The author takes this occasion to publicly tender his thanks to all who have rendered assistance to him, assuring them that but for such invaluable aid his labor might have been more than disproportionably increased.
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VOLUME II - 1683-1912
In offering additional volumes of the Westchester County Manual and Civil List, the author considers that no special or formal words of introduction are necessary.
The first volume, published in 1898, had a circulation greater than anticipated by the publisher, and the issuing of a second edition was required to meet the demand.
Numerous books relative to the history of historic Westchester County have been written; and, while they possess a peculiar sameness, they have many meritorious features. The author of this history has endeavored to get out of the "beaten path," and give his book an individuality of its own. That it may fulfill the mission intended is greatly desired.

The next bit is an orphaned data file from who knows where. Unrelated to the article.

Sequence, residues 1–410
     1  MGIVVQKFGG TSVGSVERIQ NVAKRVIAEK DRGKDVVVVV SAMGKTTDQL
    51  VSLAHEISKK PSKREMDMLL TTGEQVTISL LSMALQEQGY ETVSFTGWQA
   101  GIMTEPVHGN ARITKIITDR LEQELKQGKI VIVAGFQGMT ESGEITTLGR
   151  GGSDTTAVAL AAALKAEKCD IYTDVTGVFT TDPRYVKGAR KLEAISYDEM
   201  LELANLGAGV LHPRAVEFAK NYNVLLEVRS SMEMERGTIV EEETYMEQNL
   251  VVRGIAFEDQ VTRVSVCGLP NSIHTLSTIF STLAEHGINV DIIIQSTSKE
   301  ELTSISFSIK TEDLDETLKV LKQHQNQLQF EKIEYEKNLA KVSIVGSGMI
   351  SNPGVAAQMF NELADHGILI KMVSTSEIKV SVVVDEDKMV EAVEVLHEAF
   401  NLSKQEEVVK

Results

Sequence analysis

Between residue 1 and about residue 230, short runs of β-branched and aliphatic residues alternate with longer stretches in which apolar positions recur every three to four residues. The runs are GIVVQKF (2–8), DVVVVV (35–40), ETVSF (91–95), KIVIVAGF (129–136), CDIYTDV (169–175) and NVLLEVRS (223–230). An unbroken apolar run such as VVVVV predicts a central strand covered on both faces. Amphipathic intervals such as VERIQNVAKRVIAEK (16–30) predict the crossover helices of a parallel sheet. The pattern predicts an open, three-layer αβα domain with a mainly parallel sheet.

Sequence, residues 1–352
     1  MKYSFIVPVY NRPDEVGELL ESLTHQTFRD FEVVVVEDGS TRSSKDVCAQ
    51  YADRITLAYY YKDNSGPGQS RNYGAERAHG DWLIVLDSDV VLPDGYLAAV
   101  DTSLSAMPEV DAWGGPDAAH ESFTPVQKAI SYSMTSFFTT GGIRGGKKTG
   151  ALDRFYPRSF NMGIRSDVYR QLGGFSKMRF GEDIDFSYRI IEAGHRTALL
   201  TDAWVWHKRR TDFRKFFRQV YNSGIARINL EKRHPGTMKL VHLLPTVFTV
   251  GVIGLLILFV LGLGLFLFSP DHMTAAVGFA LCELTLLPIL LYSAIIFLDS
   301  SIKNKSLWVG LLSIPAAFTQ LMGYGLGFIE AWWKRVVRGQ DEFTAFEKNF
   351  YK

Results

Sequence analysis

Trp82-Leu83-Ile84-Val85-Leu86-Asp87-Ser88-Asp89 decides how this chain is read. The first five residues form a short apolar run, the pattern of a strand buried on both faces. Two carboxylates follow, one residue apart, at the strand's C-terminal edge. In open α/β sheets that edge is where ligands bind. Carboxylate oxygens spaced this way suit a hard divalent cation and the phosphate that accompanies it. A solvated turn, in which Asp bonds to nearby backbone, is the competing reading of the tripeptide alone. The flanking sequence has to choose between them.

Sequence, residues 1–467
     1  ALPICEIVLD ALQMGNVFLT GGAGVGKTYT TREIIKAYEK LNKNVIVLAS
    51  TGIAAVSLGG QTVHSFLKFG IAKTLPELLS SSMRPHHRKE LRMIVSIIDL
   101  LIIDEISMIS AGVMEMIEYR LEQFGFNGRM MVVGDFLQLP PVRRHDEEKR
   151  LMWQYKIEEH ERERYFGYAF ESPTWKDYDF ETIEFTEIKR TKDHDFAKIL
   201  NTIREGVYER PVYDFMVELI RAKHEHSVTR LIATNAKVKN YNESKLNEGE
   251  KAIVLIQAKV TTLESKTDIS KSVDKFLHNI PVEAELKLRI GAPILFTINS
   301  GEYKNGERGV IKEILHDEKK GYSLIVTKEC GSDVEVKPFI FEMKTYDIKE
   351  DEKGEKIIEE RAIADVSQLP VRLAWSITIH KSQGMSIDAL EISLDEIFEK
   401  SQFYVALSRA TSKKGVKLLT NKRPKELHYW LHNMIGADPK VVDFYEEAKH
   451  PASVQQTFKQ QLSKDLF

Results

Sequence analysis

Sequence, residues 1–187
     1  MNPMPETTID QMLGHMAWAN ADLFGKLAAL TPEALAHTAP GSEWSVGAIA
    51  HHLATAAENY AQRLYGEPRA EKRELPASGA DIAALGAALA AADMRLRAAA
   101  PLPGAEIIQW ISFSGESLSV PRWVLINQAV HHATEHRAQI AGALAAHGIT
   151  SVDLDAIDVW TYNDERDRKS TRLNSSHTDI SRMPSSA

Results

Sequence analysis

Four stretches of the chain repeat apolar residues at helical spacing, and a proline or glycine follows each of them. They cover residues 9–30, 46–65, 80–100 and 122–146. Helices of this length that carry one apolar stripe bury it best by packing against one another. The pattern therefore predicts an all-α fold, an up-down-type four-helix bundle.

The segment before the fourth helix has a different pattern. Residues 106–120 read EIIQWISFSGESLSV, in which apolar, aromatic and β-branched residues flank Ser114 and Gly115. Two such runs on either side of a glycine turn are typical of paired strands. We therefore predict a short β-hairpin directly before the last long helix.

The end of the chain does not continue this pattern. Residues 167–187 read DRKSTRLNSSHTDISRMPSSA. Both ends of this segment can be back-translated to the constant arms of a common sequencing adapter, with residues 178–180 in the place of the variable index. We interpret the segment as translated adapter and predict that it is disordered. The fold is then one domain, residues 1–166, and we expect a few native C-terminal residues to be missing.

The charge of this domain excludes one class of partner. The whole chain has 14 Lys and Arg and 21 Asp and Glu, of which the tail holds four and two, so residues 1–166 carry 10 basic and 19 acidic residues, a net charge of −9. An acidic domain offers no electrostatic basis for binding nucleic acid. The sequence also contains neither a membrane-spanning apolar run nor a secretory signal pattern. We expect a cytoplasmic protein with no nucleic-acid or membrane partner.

Recognizing the necessity of securing, while data is yet available, as complete a record as possible of officials connected with the County's history, and estimating that the preservation of such record, in convenient book form, will be of practical value in the future, as well as at the present time, the author, in the year 1890, commenced the compilation of this work; and the greeting it received on the presentation to the public of the first volume has encouraged him to offer additional volumes, after the lapse of a due number of years.
As this historical publication is the first and the only one of its kind ever undertaken relative to Westchester County, and particularly to its civic life, it will be readily understood that years of research and labor had to be devoted to bring about desired results. The book, in its several volumes, is the out- come of efforts to preserve in ready reference form the names and history of the men who, at different periods dating back over two hundred years, have rendered honorable and meritorious service to Westchester County, making them worthy of having their names preserved in connection with its history.